The mind of a Christian


Peggeen here. In choosing the title “The mind of a Christian,” I don’t mean to imply that all xtians think alike. Obviously they don’t. But after the many years in which I was first a desperate, dedicated seeker of god’s will, then an increasingly hardcore skeptic, I’ve become convinced there is some fundamental difference between my brain and the brain of every xtian I know.

Xtians might say that fundamental difference is simply that they have faith and I don’t. But to me the difference is that every xtian I’ve ever known has a much lower standard for evidence than I do.

I’ll probably write more about this over time. But here’s a case in point.

A news site I visit has a section on religion. One day last week I spotted an article headlined “What is prayer and how does it work?” Clearly, with a headline like that, the article is meant not for long-time Christians, but for the rest of us — unbelievers or newcomers to the faith. So I clicked.

… and felt as if I were reading a foreign language.

For one thing, the author never did fulfill his promise to say how prayer worked. There was not a word about that. He did, however, keep his promise to tell us what prayer is. Sort of. He said that prayer is “a conversation with god.” Then he just went on with no further explanation.


I may be simpleminded, but to me a conversation is this:

Person A says something.
Person B replies.
Person A responds to that.
Person B responds to that.
And so on.

A “conversation” isn’t when I say something and the person (being, entity, whatever) keeps maddeningly, determinedly silent. A “conversation” isn’t when I ask something, then weeks, months, or even years later experience something vaguely related to that and say, “Oh, look! He answered!” A conversation is inherently a back-and-forth exchange in which each party communicates in common language with the other.

The writer obviously believed otherwise. But he felt not the slightest need to offer evidence.

The writer also noted — and also without explanation — that god had “challenged” him to simplify his prayers.

So there I am again. Readers are expected to believe that the all-powerful creator of the universe personally communicated with this guy about his prayerstyle. The writer didn’t claim to see a burning bush or hear a thunderous voice issuing from clouds (and I think he’d have at least mentioned if something like that had happened). We’re left with absolutely no idea of how this incredibly important challenge was issued. We’re certainly not offered even a speck of evidence to back the author’s bland contention that the challenger was the Almighty god himself.

And remember, this was an article that purported to be schooling folks in the basics. But right from the get-go we’re expected not to ask questions, not to expect evidence, but just believe.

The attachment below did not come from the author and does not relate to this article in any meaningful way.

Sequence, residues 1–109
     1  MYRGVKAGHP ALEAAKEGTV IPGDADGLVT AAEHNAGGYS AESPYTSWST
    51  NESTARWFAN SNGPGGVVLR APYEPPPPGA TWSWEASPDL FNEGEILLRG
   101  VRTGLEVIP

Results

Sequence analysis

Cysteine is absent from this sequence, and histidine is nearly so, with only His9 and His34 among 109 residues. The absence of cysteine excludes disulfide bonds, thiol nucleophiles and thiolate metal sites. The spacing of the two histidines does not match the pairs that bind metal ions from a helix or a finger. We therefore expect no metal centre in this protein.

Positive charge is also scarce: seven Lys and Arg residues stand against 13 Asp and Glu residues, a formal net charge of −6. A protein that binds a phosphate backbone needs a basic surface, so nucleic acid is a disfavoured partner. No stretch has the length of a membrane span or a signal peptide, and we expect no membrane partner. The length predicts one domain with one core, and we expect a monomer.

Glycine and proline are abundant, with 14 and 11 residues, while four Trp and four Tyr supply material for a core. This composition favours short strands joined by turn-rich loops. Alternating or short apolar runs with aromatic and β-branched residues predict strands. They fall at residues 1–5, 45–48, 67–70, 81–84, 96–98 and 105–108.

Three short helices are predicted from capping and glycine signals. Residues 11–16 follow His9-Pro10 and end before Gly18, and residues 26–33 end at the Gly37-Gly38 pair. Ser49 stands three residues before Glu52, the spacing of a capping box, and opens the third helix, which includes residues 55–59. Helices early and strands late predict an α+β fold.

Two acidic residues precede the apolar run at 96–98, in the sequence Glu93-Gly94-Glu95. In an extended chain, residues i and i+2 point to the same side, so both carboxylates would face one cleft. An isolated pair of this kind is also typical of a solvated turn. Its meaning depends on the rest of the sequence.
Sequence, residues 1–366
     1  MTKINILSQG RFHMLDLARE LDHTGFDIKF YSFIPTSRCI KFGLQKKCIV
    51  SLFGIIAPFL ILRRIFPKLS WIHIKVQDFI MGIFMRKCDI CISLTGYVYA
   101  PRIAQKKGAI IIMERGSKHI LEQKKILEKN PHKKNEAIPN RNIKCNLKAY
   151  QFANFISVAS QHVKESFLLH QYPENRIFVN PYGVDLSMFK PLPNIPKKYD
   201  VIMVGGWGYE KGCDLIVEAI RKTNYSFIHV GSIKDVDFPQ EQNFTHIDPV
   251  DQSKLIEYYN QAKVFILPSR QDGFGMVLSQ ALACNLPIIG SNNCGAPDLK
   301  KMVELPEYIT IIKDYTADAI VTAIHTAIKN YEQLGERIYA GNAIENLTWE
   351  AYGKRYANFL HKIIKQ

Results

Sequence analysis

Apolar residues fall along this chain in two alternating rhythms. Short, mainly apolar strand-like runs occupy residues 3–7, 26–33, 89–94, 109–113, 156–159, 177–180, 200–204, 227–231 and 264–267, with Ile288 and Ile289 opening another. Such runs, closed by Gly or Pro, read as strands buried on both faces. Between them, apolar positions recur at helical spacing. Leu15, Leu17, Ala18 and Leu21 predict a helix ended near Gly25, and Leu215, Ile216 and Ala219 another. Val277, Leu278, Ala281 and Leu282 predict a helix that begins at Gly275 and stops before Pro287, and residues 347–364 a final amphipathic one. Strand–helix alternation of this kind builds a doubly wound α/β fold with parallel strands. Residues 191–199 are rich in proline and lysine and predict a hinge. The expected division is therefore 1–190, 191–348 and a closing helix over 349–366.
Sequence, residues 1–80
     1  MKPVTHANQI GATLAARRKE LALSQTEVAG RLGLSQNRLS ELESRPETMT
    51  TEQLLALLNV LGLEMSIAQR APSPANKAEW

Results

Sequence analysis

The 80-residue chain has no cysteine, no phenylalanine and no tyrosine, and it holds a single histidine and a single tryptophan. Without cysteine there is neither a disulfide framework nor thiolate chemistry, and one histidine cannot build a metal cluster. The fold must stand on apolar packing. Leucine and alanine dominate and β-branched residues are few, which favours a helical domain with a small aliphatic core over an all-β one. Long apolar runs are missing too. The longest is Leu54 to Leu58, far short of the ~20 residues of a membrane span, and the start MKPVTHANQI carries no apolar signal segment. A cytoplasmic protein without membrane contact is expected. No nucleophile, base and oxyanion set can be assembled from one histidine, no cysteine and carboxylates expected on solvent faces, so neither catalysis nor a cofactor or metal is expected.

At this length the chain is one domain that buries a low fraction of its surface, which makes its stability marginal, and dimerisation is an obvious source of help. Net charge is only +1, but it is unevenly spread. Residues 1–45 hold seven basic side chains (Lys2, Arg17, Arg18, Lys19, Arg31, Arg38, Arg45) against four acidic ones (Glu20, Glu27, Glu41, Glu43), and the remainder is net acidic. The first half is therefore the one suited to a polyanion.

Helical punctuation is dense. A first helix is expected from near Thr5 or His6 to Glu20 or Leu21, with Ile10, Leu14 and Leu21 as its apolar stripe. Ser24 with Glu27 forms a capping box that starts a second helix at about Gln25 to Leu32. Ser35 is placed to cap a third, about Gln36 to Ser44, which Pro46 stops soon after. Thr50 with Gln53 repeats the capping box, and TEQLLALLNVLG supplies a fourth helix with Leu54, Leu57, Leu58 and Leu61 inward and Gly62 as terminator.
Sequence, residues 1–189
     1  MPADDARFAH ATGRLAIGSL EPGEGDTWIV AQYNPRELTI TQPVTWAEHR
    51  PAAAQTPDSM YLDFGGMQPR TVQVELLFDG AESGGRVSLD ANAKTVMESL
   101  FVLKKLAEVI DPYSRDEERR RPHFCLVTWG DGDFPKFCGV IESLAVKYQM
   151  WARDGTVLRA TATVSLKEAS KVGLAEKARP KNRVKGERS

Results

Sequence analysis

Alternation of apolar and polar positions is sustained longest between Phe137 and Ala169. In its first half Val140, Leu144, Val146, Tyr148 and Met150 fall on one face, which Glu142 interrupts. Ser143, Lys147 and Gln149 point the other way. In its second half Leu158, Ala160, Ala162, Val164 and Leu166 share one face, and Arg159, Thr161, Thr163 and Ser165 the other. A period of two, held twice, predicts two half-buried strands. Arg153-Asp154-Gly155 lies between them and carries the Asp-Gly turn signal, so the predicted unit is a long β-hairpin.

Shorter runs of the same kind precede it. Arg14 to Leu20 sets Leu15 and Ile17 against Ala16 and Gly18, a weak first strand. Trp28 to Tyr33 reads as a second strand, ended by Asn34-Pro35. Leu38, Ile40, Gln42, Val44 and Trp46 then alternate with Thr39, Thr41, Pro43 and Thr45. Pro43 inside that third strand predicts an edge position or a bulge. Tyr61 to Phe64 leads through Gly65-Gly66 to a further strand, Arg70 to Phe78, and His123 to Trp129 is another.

This is the place — one of the places — where I butted my head again and again against the concept of religion before finally giving up. I don’t expect anybody to “prove god.” But I do expect them to provide credible evidence, stated in a framework of logic, for any claims they make.

I accept that god, if he existed, would be beyond mere human logic, facts, and reason. However, no god worth his salt would be beneath logic, facts, and reason. No god worth worshipping would expect me to just shut up and pretend I don’t notice flim-flammery, intellectual dishonesty, dubious claims, or unbacked “facts.”

One Response to “The mind of a Christian”

  1. justasqpeg Says:

    I’d want proof that prayer does work before I’d expect to be told “how” it works. And study after study (other than a few that were later shown to be flawed) has shown that prayer is answered no more regularly than random chance would dictate. Oh well. It’s a comforting story… if you can buy it.

    The whole mantra about how prayer is answered in “God’s timing” makes me want to hurl. If I am a caring parent and my child is pleading for a drink of water, I will do whatever it takes to give it to her immediately. Even to the point of violating my principles to do so. To do any less would be evil. A “loving” god, though, can wait until that child dies of thirst because he “knows what’s best”? BS.

    Oh, but you claim that it’s really OK since he took her to Heaven where she can spend eternity X eternity singing his praises. Why would she be singing praises to someone who could have rescued her, or at least eased her suffering, but who deliberately chose instead to let her suffer- in extended agony- until she died?

    Then, why would god have asked that writer to “simplify” his prayers? Because it was hurting god’s incorporeal brain to try to keep up? God is a simpleton, now? Well, actually, that would explain a lot of stuff.

    I also don’t really expect anyone to “prove” their god, but I do expect them to be able to define their god to me. You’ve got to know what it is you are worshiping or your worship is meaningless. And at that point it is elementary to disprove that particular god. Which is why they won’t do it.

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